Her Mormon college upheld her sex-assault complaint — but kicked her out anyway. The case shows a ‘loophole’ in BYU’s Honor Code amnesty, experts and victims say.


Source: The Salt Lake Tribune

When a student at Brigham Young University-Idaho reported being sexually assaulted in July, she thought she could not be punished under the Mormon school’s Honor Code.


BYU-Idaho and other colleges owned by The Church of Jesus Christ of Latter-day Saints promise amnesty from school discipline to students who report sexual misconduct. The 2017 change was part of sweeping reforms that began at BYU in Provo after the university came under scrutiny for punishing victims of sex crimes — expelling them in some cases — if they had broken school rules that forbid alcohol and coffee, restrict contact between male and female students, impose a strict dress code and ban “homosexual behavior.”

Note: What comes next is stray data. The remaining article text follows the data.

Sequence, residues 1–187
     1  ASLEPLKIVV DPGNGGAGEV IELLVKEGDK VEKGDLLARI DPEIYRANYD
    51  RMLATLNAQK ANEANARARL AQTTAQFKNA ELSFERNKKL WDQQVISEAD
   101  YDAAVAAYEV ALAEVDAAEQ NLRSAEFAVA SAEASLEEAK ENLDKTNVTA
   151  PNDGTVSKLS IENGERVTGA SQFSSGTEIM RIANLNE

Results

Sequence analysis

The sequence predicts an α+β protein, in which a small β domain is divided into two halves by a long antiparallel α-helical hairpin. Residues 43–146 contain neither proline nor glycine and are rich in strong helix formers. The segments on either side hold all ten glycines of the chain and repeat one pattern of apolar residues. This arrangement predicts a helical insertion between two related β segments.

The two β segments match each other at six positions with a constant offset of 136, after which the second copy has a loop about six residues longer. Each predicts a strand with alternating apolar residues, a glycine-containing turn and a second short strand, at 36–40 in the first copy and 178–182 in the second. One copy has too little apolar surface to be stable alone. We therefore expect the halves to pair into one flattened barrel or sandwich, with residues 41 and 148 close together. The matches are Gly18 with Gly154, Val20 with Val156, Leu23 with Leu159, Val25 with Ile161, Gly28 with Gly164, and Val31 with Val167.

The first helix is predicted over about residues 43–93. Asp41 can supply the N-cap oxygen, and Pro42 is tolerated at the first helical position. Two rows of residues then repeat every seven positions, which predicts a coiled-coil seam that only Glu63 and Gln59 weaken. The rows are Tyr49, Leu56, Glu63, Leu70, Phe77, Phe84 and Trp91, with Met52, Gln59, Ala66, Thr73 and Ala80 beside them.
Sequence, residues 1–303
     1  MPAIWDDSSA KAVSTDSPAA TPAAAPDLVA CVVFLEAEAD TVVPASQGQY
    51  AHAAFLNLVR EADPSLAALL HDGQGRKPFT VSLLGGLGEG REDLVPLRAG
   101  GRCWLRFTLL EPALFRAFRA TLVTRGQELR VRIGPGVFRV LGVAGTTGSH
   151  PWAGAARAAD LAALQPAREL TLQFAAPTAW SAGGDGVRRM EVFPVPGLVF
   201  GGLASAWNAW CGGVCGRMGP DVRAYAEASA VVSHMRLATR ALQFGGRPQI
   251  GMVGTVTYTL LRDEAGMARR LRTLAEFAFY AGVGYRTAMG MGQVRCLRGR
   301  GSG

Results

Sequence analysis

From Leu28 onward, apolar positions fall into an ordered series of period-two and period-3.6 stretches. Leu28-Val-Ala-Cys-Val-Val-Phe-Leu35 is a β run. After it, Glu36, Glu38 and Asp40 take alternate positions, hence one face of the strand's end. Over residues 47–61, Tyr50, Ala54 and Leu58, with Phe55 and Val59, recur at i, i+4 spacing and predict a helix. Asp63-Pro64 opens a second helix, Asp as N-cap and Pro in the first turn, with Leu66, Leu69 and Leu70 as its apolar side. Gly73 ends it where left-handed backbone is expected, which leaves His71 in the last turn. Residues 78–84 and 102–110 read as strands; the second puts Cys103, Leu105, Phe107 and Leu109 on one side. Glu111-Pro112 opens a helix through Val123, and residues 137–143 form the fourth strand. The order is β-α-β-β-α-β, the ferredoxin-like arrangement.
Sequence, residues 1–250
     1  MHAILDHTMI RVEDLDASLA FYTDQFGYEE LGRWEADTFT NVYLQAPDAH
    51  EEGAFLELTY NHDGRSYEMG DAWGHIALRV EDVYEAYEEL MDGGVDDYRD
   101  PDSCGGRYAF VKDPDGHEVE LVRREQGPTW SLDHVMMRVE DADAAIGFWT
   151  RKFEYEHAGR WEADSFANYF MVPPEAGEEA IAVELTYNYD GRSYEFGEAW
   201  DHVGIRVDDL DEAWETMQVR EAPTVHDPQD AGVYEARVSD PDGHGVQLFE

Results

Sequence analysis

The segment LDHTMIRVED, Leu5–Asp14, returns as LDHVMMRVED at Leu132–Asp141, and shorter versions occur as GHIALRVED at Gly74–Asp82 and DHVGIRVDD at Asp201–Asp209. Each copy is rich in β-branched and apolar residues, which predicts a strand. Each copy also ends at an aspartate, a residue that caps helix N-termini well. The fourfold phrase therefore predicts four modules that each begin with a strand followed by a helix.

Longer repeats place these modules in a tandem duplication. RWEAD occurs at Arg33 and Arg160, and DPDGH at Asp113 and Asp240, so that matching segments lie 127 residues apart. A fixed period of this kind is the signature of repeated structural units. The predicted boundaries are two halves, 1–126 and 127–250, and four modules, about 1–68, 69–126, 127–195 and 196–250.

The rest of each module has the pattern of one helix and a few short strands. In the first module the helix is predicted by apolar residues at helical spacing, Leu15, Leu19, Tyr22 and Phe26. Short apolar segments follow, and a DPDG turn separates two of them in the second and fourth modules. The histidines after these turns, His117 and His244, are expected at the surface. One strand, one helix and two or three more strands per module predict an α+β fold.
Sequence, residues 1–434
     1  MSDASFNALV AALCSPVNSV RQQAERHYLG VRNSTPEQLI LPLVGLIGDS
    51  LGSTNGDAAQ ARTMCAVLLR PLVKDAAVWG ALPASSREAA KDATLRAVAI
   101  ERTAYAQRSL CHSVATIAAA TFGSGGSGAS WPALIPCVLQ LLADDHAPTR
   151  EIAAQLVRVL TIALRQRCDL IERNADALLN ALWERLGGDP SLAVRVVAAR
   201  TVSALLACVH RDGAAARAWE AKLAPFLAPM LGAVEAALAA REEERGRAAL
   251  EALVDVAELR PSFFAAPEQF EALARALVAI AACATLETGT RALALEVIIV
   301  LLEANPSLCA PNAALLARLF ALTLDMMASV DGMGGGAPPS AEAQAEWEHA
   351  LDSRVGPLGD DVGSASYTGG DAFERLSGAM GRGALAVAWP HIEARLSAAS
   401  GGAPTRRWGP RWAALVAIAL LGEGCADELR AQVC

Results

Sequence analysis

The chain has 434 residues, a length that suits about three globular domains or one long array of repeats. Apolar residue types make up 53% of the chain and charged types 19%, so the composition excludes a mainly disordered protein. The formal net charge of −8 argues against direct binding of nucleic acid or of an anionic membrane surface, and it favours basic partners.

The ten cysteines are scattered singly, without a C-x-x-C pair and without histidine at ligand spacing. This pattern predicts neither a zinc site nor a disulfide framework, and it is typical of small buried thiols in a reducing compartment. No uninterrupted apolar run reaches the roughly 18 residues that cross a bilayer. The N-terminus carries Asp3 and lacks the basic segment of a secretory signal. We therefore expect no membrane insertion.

Amnesty, the school said, would encourage reporting and keep victims in college.

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